When I'm advising clients on social media strategies, it's the plans B that often help make the decision--for example, if you can only handle one person staffing one channel, and either the channel or person are down with no backup, you may want to rethink your plans. Have you thought through these situations where a social media plan B will stand you in good stead?
- Cross-training for ordinary staff absences: Everyone has sick days, surgery and recovery, family leave, and other routine absences. Is the rest of your team ready to step in for each person on the team? Do multiple players have access to the accounts, dashboards and other tools--and the experience to use them? Facebook now allows for multiple page admins with different roles, so make sure each role is backed up in this way.
- High-traffic post responses: Before you get overwhelmed by an unexpected major response to one of your posts, have you coordinated with your IT team and your own team about how you'll stop, drop and roll with a tsunami of comments or traffic? That means everything from keeping your site functional to how you'll respond, content-wise. Get some lessons by reading about how SCOTUS blog survived the announcement of the Supreme Court health care law decision by preparing for an overwhelming interest in the news on its site. There's more from the SCOTUS blog's publisher on what happened that day, including how the Court itself bet solely on its website, which couldn't stand the load at the most critical moment. It's one of many factors that contributed to some news organizations reporting the news incorrectly that day. Some smart tactics here to share and discuss with your IT folks. Don't forget to point out the impact on your end of the business.
- Pulling automated posts in a crisis: Your social media plan needs its own crisis plan: 6 lessons from the #hopkinsshooting offers a case study in getting caught by surprise, with lesson one being a plan to stop any auto-posts, which may look wildly out of context in a crisis. Social Media Explorer agrees, noting that it took some companies two days after the September 11 attacks to remove their Times Square ads or replace them with something more appropriate....and that two days in social media is an eternity.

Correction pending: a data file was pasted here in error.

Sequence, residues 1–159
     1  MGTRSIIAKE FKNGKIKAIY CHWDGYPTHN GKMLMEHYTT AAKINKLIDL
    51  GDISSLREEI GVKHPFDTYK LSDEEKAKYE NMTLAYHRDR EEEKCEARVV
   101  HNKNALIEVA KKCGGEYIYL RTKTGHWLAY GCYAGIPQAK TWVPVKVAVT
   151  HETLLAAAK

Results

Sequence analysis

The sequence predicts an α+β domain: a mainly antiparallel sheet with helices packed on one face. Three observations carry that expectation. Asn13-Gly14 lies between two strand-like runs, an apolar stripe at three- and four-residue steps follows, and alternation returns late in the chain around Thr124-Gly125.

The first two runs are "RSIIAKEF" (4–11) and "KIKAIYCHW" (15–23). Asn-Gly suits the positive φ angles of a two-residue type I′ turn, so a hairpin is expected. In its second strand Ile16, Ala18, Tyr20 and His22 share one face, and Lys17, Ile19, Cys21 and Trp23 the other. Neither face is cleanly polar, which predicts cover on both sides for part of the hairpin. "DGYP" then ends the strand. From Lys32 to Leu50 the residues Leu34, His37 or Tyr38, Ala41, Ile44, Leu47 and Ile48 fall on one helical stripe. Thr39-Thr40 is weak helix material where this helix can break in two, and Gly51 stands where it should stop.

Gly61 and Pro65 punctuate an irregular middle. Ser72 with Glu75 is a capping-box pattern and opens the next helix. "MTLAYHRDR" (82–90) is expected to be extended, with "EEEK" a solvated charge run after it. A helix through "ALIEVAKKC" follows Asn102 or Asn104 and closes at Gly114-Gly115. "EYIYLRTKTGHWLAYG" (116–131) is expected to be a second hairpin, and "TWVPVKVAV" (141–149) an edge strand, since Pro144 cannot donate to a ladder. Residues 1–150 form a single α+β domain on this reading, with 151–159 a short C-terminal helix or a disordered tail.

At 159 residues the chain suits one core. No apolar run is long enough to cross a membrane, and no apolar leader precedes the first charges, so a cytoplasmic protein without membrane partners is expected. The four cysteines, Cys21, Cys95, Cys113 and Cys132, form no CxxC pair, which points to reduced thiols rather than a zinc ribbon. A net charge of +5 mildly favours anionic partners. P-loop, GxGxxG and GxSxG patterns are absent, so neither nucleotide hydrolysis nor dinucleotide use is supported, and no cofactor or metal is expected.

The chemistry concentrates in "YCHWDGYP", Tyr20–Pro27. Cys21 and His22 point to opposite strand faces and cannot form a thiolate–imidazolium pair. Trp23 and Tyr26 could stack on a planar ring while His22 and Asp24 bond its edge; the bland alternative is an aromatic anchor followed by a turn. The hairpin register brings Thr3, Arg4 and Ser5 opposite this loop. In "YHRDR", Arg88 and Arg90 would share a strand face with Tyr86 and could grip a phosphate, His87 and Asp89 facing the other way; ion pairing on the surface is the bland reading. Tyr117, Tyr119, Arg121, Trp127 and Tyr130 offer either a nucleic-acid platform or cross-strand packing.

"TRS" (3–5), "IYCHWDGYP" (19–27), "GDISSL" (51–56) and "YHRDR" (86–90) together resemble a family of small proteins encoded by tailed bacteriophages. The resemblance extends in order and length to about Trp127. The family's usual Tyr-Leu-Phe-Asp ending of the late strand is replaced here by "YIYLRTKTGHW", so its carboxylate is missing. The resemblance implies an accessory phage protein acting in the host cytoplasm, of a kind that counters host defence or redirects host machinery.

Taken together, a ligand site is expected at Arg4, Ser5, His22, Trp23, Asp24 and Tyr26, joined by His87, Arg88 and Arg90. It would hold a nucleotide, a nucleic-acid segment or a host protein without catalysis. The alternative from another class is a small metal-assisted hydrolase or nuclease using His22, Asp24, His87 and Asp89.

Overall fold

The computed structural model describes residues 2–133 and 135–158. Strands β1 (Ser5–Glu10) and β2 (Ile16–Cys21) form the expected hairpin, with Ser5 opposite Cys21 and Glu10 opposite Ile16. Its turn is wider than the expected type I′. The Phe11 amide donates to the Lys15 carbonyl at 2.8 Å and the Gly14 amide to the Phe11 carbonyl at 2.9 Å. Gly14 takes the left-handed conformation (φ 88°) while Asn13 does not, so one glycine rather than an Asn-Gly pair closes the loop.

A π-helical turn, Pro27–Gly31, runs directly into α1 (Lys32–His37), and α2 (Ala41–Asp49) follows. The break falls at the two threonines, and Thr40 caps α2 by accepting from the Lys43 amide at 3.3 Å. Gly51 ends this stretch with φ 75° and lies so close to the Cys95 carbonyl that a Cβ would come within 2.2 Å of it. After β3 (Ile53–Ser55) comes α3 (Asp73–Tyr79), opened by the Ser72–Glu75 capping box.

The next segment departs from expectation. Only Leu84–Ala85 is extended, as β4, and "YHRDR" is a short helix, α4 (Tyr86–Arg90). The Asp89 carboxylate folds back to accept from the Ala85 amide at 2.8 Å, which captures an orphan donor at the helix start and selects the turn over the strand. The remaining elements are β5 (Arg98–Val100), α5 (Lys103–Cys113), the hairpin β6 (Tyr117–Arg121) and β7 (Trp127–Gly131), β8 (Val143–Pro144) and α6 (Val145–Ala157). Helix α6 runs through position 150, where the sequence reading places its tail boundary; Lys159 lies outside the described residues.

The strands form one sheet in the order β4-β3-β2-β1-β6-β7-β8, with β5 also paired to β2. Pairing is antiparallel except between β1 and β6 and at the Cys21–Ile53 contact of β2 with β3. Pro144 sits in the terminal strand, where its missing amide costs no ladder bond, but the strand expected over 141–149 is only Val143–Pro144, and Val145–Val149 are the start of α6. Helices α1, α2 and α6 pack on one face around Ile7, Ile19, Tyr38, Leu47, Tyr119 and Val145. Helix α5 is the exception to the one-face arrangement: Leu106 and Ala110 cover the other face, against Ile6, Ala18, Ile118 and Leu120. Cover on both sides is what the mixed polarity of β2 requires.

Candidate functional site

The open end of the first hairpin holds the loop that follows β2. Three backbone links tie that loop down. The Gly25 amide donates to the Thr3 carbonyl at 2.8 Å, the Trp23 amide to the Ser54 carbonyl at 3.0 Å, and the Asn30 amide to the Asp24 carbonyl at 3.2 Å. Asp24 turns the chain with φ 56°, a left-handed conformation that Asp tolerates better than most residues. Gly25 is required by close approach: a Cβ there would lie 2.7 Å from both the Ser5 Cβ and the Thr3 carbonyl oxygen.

- The channel is down: Whether it's the Twitter fail whale or something more dire, the channel on which you most depend may go down for reasons out of your control, as Twitter itself did recently for the better part of a business day. Where will your posts go then? How will you communicate with your users if that's your primary channel? Where's your "meetup" place for followers--do they know where to go to find you in an emergency outage?
- Your account is hacked: Aside from new security controls, what do you need to do to refute any harmful content posted under your brand? How are your users and followers reacting? What channel can you offer them as a secure posting place?
- Your message is hijacked or prompts a protest: McDonald's Twitter hashtag #McDStories quickly got overtaken by Twitter users who posted negative experiences. In this case, the company stopped promoting the hashtag within a couple of hours, replacing it with another that was already planned as a backup. It's a good reminder that your backups may need to be content backups as well as technical ones. If that sounds obvious, a July 2012 report notes that "of companies that have been subject to social media criticism however strong (ranging from a single complaint to a full-scale campaign), fully 72% rated their preparedness as average or below, with 20% being completely unprepared."